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Impacts of angiopoietin-like proteins on lipoprotein metabolism and cardiovascular events

Miida, Takashi; Hirayama, Satoshi

doi: 10.1097/MOL.0b013e328333269e
Nutrition and metabolism: Edited by Paul Nestel and Ronald P. Mensink

Purpose of review Angiopoietin-like proteins (Angptls) comprise a family of secreted glycoproteins with high homology to angiopoietins which are important regulators of angiogenesis. Angptl3 and Angptl4 inhibit lipoprotein lipase in mice. This article reviews recent human studies on Angptls and their effects on lipoprotein profiles and cardiovascular disease.

Recent findings Population-based studies have indicated that loss-of-function mutations of Angptl3, Angptl4, and Angptl5 are associated with a low triglyceride concentration. Angptl3 concentration is positively correlated with HDL-cholesterol, but not with triglyceride, suggesting that Angptl3 regulates HDL metabolism by inhibiting endothelial lipase. Angptl4 concentration is correlated positively with triglycerides in patients with metabolic syndrome, although most studies have failed to find such a correlation. Angptl6 has no effects on lipoprotein profiles. Angptl3 is associated with atherosclerosis in coronary, carotid, and femoral arteries. Conflicting results have been obtained regarding whether the E40K variant (a loss-of-function mutation of Angptl4) is associated with an increased risk for cardiovascular disease, which may occur due to the lipid-independent actions of Angptl4.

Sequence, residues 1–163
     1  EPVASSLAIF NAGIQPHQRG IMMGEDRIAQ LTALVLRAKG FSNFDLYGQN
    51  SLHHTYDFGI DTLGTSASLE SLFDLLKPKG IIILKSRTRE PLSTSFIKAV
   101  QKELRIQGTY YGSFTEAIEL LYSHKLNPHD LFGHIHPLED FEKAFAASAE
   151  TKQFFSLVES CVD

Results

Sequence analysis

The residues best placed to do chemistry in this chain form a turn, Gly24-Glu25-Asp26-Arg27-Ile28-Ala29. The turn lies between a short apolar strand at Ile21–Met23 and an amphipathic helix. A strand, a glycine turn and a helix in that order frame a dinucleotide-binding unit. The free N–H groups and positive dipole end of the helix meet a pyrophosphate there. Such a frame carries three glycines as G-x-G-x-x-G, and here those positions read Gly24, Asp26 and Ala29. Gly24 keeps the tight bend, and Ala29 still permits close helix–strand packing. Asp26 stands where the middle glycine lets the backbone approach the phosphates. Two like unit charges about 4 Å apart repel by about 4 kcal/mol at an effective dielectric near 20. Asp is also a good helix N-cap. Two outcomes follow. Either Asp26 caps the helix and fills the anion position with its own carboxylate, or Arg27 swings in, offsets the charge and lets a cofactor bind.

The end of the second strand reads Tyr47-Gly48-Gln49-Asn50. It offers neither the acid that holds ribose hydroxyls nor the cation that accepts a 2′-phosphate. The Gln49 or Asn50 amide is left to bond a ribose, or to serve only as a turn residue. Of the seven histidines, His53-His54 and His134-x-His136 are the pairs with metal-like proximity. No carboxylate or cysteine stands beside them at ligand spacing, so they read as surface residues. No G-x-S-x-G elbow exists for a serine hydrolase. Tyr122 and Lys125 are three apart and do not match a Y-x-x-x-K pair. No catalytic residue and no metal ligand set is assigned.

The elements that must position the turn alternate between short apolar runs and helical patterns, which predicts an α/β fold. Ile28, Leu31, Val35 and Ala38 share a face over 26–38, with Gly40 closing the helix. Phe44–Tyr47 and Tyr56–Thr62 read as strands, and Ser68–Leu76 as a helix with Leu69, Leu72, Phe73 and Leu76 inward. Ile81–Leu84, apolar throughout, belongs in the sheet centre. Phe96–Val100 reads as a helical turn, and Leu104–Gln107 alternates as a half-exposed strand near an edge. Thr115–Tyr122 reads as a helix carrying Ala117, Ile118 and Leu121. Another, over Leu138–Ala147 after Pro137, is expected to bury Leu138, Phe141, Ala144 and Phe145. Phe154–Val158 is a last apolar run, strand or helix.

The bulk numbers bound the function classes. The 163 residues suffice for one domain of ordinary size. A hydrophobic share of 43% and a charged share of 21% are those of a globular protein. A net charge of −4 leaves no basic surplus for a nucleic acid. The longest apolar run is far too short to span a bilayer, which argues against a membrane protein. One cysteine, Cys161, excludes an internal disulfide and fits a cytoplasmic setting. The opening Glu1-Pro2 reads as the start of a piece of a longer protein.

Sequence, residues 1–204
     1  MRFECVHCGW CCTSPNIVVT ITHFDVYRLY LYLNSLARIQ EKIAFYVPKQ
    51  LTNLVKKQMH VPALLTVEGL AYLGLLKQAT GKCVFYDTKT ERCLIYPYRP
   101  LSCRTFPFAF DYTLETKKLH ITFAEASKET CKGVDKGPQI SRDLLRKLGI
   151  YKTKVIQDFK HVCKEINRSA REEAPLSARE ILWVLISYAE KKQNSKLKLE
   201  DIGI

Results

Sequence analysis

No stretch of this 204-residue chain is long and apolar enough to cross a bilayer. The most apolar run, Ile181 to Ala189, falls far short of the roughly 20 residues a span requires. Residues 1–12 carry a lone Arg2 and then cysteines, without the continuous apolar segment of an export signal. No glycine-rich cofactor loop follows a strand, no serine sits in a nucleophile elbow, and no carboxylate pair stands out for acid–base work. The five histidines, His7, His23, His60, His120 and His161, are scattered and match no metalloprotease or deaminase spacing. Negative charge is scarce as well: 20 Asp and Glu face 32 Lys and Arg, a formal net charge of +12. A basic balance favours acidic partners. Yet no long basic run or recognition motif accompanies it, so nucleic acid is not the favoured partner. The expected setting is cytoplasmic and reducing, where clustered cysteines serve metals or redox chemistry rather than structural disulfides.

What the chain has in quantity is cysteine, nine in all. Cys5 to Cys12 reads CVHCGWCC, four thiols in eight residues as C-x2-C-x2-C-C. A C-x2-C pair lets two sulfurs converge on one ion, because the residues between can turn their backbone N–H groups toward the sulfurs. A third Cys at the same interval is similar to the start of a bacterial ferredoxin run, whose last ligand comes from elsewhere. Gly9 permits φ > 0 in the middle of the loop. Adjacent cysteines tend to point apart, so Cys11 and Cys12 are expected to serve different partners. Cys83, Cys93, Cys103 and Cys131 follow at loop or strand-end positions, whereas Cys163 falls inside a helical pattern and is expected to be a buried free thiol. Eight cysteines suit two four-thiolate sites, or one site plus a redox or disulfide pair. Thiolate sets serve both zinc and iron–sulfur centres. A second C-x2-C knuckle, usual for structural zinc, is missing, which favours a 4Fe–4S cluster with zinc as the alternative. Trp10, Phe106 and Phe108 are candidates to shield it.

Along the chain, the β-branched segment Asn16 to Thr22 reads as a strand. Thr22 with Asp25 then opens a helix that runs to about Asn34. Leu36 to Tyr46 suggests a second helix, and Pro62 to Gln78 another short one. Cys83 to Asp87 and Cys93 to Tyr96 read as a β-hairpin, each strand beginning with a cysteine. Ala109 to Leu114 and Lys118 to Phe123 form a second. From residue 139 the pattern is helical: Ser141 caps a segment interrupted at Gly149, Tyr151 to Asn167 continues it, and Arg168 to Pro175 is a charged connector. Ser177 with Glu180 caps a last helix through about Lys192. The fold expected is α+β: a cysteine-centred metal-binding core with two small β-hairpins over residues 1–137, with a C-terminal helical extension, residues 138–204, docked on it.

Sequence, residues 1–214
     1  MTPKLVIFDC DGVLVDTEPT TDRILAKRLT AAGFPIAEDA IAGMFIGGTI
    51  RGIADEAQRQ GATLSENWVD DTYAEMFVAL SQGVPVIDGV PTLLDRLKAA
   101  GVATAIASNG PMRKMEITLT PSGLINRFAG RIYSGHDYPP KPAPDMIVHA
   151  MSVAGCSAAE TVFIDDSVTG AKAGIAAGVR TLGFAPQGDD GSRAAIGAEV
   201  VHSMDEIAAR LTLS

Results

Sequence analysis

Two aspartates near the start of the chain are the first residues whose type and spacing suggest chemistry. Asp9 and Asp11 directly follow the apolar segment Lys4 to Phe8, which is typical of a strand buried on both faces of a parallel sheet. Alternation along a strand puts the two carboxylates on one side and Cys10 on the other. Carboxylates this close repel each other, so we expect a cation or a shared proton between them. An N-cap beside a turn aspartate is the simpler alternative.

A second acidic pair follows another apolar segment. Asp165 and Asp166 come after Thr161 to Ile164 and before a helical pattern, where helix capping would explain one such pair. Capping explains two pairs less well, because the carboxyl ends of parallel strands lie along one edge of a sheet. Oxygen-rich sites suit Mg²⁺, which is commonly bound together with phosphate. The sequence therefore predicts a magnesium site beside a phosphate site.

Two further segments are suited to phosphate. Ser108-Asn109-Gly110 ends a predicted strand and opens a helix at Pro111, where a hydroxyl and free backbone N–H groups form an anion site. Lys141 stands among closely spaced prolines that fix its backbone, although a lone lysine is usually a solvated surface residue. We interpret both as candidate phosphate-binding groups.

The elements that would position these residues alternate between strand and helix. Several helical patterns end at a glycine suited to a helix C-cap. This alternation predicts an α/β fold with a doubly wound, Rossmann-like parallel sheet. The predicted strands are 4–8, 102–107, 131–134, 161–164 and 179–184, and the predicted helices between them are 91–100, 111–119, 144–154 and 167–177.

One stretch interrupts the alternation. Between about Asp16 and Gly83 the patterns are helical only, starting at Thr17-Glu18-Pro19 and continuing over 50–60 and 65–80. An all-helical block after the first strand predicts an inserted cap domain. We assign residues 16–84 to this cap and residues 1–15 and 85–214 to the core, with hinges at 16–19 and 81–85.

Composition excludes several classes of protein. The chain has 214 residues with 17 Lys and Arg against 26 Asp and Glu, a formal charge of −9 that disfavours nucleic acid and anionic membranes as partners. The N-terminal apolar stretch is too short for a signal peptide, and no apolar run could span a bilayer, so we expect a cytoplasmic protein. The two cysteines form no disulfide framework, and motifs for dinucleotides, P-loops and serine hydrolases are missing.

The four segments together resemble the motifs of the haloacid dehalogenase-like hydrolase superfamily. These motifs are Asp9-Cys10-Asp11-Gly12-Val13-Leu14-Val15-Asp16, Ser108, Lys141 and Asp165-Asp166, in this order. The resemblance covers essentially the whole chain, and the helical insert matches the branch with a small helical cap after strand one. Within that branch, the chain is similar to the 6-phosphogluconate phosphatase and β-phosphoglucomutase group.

Summary Angptl3, Angptl4, and possibly Angptl5 are regulators of lipoprotein metabolism in humans. Whether inhibition of these Angptls will be useful for dyslipidemia to prevent cardiovascular disease remains to be elucidated in future studies.

Department of Clinical Laboratory Medicine, Juntendo University School of Medicine, Bunkyo-ku, Tokyo, Japan

Correspondence to Takashi Miida, Department of Clinical Laboratory Medicine, Juntendo University School of Medicine, Hongo 2-1-1, Bunkyo-ku, Tokyo 113-8421, Japan Tel: +81 3 5802 1104; fax: +81 3 5684 1609; e-mail: tmiida@juntendo.ac.jp

© 2010 Lippincott Williams & Wilkins, Inc.